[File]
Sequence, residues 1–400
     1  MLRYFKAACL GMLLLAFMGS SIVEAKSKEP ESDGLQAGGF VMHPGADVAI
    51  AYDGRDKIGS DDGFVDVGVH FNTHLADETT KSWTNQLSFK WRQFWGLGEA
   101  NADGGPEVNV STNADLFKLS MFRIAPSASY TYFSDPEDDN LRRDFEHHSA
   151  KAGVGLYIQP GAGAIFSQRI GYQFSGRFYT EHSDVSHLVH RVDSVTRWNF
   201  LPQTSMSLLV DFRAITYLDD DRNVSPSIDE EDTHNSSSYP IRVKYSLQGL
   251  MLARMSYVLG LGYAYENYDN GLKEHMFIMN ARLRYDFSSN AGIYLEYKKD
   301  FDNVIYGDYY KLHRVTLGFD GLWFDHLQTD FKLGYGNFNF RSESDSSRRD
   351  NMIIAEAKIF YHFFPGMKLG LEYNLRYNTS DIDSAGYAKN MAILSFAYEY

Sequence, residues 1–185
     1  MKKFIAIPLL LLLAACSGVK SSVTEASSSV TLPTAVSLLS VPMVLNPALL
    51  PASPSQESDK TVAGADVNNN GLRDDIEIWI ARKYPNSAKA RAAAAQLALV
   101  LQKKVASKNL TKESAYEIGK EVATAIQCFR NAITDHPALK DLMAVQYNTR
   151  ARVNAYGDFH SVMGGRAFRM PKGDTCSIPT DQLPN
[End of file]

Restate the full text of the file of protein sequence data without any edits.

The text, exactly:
Sequence, residues 1–400
     1  MLRYFKAACL GMLLLAFMGS SIVEAKSKEP ESDGLQAGGF VMHPGADVAI
    51  AYDGRDKIGS DDGFVDVGVH FNTHLADETT KSWTNQLSFK WRQFWGLGEA
   101  NADGGPEVNV STNADLFKLS MFRIAPSASY TYFSDPEDDN LRRDFEHHSA
   151  KAGVGLYIQP GAGAIFSQRI GYQFSGRFYT EHSDVSHLVH RVDSVTRWNF
   201  LPQTSMSLLV DFRAITYLDD DRNVSPSIDE EDTHNSSSYP IRVKYSLQGL
   251  MLARMSYVLG LGYAYENYDN GLKEHMFIMN ARLRYDFSSN AGIYLEYKKD
   301  FDNVIYGDYY KLHRVTLGFD GLWFDHLQTD FKLGYGNFNF RSESDSSRRD
   351  NMIIAEAKIF YHFFPGMKLG LEYNLRYNTS DIDSAGYAKN MAILSFAYEY

Sequence, residues 1–185
     1  MKKFIAIPLL LLLAACSGVK SSVTEASSSV TLPTAVSLLS VPMVLNPALL
    51  PASPSQESDK TVAGADVNNN GLRDDIEIWI ARKYPNSAKA RAAAAQLALV
   101  LQKKVASKNL TKESAYEIGK EVATAIQCFR NAITDHPALK DLMAVQYNTR
   151  ARVNAYGDFH SVMGGRAFRM PKGDTCSIPT DQLPN